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Car Review

Ford Puma ST review

Published: 23 Oct 2023


What is it like to drive?

How do you feel about performance versions of cars that, by rights, were never really meant to go all that fast? You either go with it, or it’s the worst idea since Olaf The Hairy accidentally ordered 10,000 battle helmets with the spikes on the inside.

We’re talking centre-of-gravity here, the bane of any crossover or SUV. But while the Puma’s floor is 3cm higher off the road than a Fiesta’s, it isn’t so lofty that it can’t do a convincing impression of a proper car. Before we get into the mechanical upgrades, a couple of observations: the Puma ST’s seats and driving position are fantastic. Before you even start the engine, there’s a sense that you’re in for the sort of treat a surprising number of (often much more expensive) cars have forgotten how to deliver. For an SUV, you really are perfectly placed here.

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And the 1.5-litre engine is a corker. It’s as per the old Fiesta ST, although the porkier Puma gets 22lb ft of extra torque (236lb ft), peaking between 2,500 and 3,500rpm. 0-62mph takes 6.7 seconds.

The all-aluminium, 1.5-litre three-pot sends its 197bhp exclusively to the front wheels via a six-speed manual gearbox – an increasingly rare format – and uses a radial-axial turbo and integrated exhaust manifold to increase boost pressure while minimising lag. There are also roll-restricting engine mounts, and active exhaust valve tech to give the Puma ST a wee bit of note (as Northern Ireland’s fast Ford-loving fraternity would say).

What about the mild-hybrid you mentioned?

Ah yes, the new-for-2023 1.0-litre mHEV. It’s a less fierce entity for sure, with power and torque dropping to 168bhp and 183lb ft (0-62mph takes 7.4s), all in the name of lifting fuel economy from 43 to 45mpg. Yes, the gap on paper grows notably in the real world - especially at maximum effort - but was adding it to the line-up really worth the hassle? Usually we’d assume Ford was sweating over fleet emissions, but the difference there is negligible too. Hmm.

That’s not to discredit the hybrid entirely. Yes you lose the manual involvement and the seven-speed auto is nothing to write home about, but dialling back the power gives you more bandwidth to savour the Puma’s crisp handling. Like when Daredevil lost his sight but his other senses became heightened to compensate. And it still burbles and revs with a bit of (artificially enhanced) drama.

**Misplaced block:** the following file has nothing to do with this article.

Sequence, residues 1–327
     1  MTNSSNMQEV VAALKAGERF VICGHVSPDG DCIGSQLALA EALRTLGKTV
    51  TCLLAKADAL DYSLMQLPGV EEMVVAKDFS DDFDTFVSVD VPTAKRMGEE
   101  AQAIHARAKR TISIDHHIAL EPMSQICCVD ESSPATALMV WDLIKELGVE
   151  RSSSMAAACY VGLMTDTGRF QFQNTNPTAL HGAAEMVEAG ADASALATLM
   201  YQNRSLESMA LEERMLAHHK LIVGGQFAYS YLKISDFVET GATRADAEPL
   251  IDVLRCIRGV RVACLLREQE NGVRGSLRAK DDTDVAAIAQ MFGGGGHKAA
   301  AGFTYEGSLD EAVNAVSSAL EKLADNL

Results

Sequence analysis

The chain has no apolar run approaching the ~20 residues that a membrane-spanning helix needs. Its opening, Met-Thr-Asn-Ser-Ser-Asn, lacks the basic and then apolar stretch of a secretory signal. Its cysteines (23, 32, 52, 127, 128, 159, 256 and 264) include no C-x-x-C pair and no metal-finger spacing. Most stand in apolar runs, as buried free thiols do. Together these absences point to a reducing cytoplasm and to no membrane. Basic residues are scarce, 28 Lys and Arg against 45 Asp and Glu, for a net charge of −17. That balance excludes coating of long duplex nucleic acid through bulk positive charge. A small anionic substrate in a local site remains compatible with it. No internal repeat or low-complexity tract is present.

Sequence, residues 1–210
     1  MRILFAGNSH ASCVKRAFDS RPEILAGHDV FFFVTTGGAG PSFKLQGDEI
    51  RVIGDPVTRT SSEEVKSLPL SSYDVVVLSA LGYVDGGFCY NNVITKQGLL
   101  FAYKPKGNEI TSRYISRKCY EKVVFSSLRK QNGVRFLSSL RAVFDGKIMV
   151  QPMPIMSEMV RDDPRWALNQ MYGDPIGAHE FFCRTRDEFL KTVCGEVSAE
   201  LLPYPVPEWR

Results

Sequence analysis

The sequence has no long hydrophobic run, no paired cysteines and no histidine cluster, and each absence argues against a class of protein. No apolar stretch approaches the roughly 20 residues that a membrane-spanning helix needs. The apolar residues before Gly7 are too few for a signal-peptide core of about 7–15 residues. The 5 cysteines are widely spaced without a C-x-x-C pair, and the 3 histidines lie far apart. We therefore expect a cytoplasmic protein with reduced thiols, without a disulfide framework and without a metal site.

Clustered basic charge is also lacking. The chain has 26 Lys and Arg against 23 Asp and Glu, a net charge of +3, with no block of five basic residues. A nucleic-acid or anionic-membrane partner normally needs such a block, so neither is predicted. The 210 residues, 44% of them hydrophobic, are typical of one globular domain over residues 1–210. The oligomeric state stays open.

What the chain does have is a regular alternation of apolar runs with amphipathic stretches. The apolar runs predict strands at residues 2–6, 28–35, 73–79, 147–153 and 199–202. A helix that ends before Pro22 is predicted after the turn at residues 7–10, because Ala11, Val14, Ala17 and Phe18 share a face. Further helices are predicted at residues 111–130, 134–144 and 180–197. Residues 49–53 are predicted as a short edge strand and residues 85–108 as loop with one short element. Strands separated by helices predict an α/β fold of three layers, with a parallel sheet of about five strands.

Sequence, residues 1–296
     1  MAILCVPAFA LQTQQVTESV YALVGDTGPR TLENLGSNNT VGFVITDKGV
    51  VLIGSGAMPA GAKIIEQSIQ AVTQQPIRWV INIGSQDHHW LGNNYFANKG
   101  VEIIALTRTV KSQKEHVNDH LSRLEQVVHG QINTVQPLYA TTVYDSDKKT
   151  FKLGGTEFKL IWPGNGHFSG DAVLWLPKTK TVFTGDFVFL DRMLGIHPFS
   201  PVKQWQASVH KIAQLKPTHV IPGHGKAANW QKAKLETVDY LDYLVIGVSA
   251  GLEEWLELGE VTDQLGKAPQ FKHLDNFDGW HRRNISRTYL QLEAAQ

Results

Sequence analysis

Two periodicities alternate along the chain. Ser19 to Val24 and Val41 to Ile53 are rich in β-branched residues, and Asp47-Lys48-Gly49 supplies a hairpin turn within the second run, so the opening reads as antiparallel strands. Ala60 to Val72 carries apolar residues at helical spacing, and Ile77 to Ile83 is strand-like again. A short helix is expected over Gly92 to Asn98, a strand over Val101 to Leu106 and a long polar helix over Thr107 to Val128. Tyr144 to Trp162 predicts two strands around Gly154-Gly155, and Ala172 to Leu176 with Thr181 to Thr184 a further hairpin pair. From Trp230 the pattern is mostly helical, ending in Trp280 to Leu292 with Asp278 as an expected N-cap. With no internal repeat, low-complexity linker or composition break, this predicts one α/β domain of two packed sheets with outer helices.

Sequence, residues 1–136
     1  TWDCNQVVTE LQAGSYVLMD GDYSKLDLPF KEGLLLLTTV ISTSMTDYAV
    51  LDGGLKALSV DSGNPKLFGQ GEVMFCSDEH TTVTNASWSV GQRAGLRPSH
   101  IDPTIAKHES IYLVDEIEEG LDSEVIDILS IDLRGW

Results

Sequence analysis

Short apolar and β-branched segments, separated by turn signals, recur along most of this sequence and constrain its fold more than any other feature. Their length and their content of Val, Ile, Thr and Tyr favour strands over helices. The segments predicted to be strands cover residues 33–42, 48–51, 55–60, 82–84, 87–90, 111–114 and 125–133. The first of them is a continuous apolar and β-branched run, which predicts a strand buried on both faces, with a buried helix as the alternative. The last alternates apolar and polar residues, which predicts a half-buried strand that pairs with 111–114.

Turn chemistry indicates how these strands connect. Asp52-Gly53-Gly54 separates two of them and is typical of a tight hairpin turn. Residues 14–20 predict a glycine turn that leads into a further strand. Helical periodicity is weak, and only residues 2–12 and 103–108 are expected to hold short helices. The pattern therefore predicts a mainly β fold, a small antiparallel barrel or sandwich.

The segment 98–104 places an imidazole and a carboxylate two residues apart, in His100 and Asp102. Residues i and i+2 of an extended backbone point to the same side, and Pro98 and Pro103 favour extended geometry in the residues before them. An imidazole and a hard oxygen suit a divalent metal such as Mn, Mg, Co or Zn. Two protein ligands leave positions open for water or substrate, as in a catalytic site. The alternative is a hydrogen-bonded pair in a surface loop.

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So does the Puma deserve the ST badge?

When all three cylinders are fully firing, it’s like a tall, slightly less frenzied Fiesta ST, one you could put the dog in the boot of, on top of the shopping (which could go in the aforementioned MegaBox). Which is to say, an extremely useful car that also happens to be highly entertaining.

Ford isn’t always at its best when it’s marketing driven – hello EcoSport – but its engineers are a world class act, no doubt about it. They understand how to set up the primary controls, and everything here has a measured, expensive-feeling weight to it. Then there are the modifications. The Puma ST’s steering rack is 25 per cent faster than the standard car’s, and uses a reworked front knuckle and shorter steering arm to hone the car’s turn-in. The result is wonderfully linear and communicative.

The rear torsion beam is 50 per cent stiffer than the standard Puma’s set-up (40 per cent stiffer than the Fiesta ST’s), and there are front and rear anti-roll bars. The mechanical limited-slip diff and torque vectoring ensure that the ST exits corners without collapsing into a wanton display of wheelspin or useless understeer.

Traction, in the dry at least, is seriously impressive, and it’ll get down the road plenty fast enough unless you’re a borderline sociopath. The various drive modes do the usual software tweaking across engine, traction control, steering and throttle parameters, and as usual ‘Normal’ mode is the best bet. ‘Track’ mode will let you turn off everything, but we’d respectfully suggest that both car and driver are suffering an identity crisis at this point. Braking is by 325mm discs upfront, and 271mm discs at the rear, with the system tuned for improved modulation and feel. Overall, it’s a harmonious bit of kit.

Any downsides?

The ride can feel a bit unrelenting over coarse or choppy surfaces; a bit bouncy. The ST uses what Ford calls ‘force vectoring springs’ in its rear suspension, which means that cornering forces follow a path directly into the spring for improved lateral stiffness. There are also bespoke bump stops. It keeps things extremely taut, perhaps a little too taut for its own good on some of the surfaces that pass for roads in the UK. You might need that battle helmet after all.

Do also keep an eye on the fuel gauge. If you drive the 1.5 like nature – and its manufacturer – intends, you’ll be lucky to see 25mpg. After one spirited cross-country session, we were getting 22.9mpg. Be warned.

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